Contributed by deanna on from the cheque-is-in-the-mail dept.
I work as security/system admin at the University of Alberta. Every so often my boss (beck@) or I are called to swoop in like ninjas to rescue someone's mailserver from a joe-job or the mail virus du jour. This involves putting a spamd box inline with their mail processors. To make this work, we use a box with at least two network interfaces (names like Nexcom, Commell and Soekris come to mind because they're easy to carry around) and an IP address on the same subnet as the mail server to be protected.For this example, I am protecting my workstation from my laptop with a Nexcom. The interface closest to the edge of the case (fxp2) is designated the external interface, and is given an address (172.16.5.111) on the same subnet as the protected mail server.
At this point, the machine is forwarding ethernet frames, but is not doing any filtering. Thus, connections to the mailserver are passed unmolested. This is what we are trying to prevent. Enter pf. The net.inet.ip.forwarding sysctl must be set to 1 because network address translation and redirection involves routing - it's not just ethernet any more.ifconfig fxp0 up ifconfig fxp2 inet 172.16.5.111 netmask 255.255.255.0 up route add default 172.16.5.1 ifconfig bridge0 create brconfig bridge0 add fxp0 add fxp2 up
The stock pf.conf that ships with OpenBSD comes close, but it doesn't work on a bridge. The rdr statement rewrites the destination address, but it won't be routed properly. Actually, it won't be routed at all - the destination is rewritten but the routing table is not consulted. Thus, you get packets on the wire headed for localhost - which doesn't work. Pf of course has an answer for this. If you think you know better than the routing table where a packet should go, you can specify the interface where the packet should be sent from, you may specify it with route-to. Because the smtp connection is to be handled by spamd on localhost, it should be routed out the lo0 interface.sysctl net.inet.ip.forwarding=1 pfctl -ef /etc/pf.conf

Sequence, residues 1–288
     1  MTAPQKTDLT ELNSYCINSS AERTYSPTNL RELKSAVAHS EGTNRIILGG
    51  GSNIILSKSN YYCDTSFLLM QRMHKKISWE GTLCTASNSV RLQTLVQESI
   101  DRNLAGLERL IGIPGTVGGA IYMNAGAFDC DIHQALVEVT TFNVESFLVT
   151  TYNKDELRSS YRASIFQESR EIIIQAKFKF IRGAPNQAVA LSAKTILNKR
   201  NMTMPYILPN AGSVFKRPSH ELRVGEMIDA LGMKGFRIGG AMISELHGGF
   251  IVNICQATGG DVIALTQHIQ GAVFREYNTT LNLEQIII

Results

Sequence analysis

Enough with the chatter, here's a pf.conf that will trap smtp connections passing through a bridge and send them to spamd on localhost.
There you have it - everything required to set up a bump-in-the-wire spam trap. While I have given commands which will produce the desired result, this configuration can be made permanent by editing the relevant configuration files:ext_if="fxp2" table <spamd> persist table <spamd-white> persist rdr on $ext_if inet proto tcp from <spamd> to port smtp \ -> 127.0.0.1 port spamd rdr on $ext_if inet proto tcp from !<spamd-white> to port smtp \ -> 127.0.0.1 port spamd # "log" so you can watch the connections getting trapped pass in log on $ext_if route-to lo0 inet proto tcp to 127.0.0.1 port spamd
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